In the (Feed)Zone - Attempting to Play Bike Racer in the Age of Imperfect

By: Mark Swartzendruber
Posted: Feb 17, 2015


The month of January served me a reminder of just how important it is that most everything in one’s environment be controllable in order for one to function at the very highest level of any endeavor.  I don’t think I’ve ever really fully appreciated the extent to which life was predictable back when I was operating at the top level of my bike racing ability, winning races and finishing high at the Nationals.  That predictability provided me with the ability to plan and execute my training and racing schedule in such a way that I was seldom if ever unable to complete a weekly plan.  After I met TLK and we combined households and later married, she understood and helped and indeed fostered the environment of stability and predictability that allowed me to train and thrive in my insulated bubble of work, eat, ride, sleep.

What you see in the photo above is a 6 foot tall man standing in a very large hole in my front yard.  Despite the fact that our winter up until February has been relatively mild and free of much snow, TLK and I have had a torrent of water rushing into the drainage system of what used to be an incredibly peaceful and relaxing urban oasis of a home in Chicago.  The ground water inundating our home has been the source of 3 office ruining flood events since last September which have forced me to tear up flooring and empty my office in our basement as water has poured through foundation cracks.  After removing all  the furniture and spoiled flooring, removing wet insulation and drywall to locate the source of the water, the cracks have been fixed, the flooring, insulation, drywall and furniture replaced only to have another water event at a different location in the foundation because, well – there is a constant flow of ground water into our house.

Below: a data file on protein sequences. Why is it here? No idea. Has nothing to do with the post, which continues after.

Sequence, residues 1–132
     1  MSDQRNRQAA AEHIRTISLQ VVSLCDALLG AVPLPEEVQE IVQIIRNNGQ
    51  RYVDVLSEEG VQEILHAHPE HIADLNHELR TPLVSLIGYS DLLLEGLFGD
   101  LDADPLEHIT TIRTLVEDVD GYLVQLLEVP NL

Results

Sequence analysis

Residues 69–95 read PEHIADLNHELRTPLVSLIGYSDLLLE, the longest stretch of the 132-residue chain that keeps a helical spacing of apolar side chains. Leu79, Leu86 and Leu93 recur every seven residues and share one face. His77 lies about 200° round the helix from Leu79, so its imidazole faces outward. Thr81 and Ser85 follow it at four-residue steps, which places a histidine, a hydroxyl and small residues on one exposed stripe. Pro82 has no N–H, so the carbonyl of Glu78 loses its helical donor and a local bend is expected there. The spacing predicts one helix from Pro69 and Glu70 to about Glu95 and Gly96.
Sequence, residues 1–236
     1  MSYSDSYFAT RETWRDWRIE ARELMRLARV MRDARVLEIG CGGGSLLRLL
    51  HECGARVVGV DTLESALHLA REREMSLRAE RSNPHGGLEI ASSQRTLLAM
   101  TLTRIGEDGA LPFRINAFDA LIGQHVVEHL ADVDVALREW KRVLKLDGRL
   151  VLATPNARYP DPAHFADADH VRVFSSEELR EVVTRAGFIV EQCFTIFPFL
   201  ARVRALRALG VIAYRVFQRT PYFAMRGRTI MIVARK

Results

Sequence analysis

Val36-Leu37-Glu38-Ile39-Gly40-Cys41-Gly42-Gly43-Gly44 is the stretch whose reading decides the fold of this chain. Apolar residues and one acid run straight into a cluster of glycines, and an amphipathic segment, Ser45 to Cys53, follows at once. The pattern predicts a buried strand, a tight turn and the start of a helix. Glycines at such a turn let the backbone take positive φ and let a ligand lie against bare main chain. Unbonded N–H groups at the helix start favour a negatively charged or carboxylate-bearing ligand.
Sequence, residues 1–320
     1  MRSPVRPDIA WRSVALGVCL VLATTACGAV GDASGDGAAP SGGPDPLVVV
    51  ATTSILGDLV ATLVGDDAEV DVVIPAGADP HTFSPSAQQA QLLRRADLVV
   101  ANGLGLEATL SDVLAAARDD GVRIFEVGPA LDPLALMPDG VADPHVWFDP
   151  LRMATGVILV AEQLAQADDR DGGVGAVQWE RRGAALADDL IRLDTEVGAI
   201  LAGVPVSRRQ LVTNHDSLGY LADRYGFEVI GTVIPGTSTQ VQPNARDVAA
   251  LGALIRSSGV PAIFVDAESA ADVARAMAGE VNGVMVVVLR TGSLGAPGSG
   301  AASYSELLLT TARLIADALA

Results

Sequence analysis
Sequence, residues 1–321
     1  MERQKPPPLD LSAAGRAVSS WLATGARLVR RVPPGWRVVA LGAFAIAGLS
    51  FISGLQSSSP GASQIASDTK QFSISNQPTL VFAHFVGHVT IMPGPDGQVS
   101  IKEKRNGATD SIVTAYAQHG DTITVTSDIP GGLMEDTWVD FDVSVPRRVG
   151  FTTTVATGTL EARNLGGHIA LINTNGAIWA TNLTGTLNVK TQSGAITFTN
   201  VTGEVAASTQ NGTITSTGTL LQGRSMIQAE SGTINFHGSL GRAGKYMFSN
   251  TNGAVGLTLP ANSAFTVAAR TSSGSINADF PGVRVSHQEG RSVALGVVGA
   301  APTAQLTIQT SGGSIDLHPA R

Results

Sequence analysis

Finally, by January, we though perhaps the source of water was a faulty water main line connection from when the City of Chicago replaced the water main.  The City sent an inspector to my home, who when he heard the water rushing into my sump well on a dry and sunny day, immediately called for a crew to come and dig up the work they’d done in November to find the faulty coupling.

They dug a very large hole in the street in front of our home only to find it wasn’t their problem.  No leak, no water.

In the meantime, our problem was only becoming worse.  We contracted with a flood remediation company to locate the source of the problem.  Turns out, we had a couple of them.  Chief being the source of the leaks around the foundation - an uncoupled evacuation pipe. Every time the sump or ejector pump emptied their respective wells, the water shot out into the ground outside the house and rushed into the drainage tile along the foundation base and back into the wells.  Our sump pump was literally going off every minute – recycling 25 gallons a minute, 1500 gallons an hour.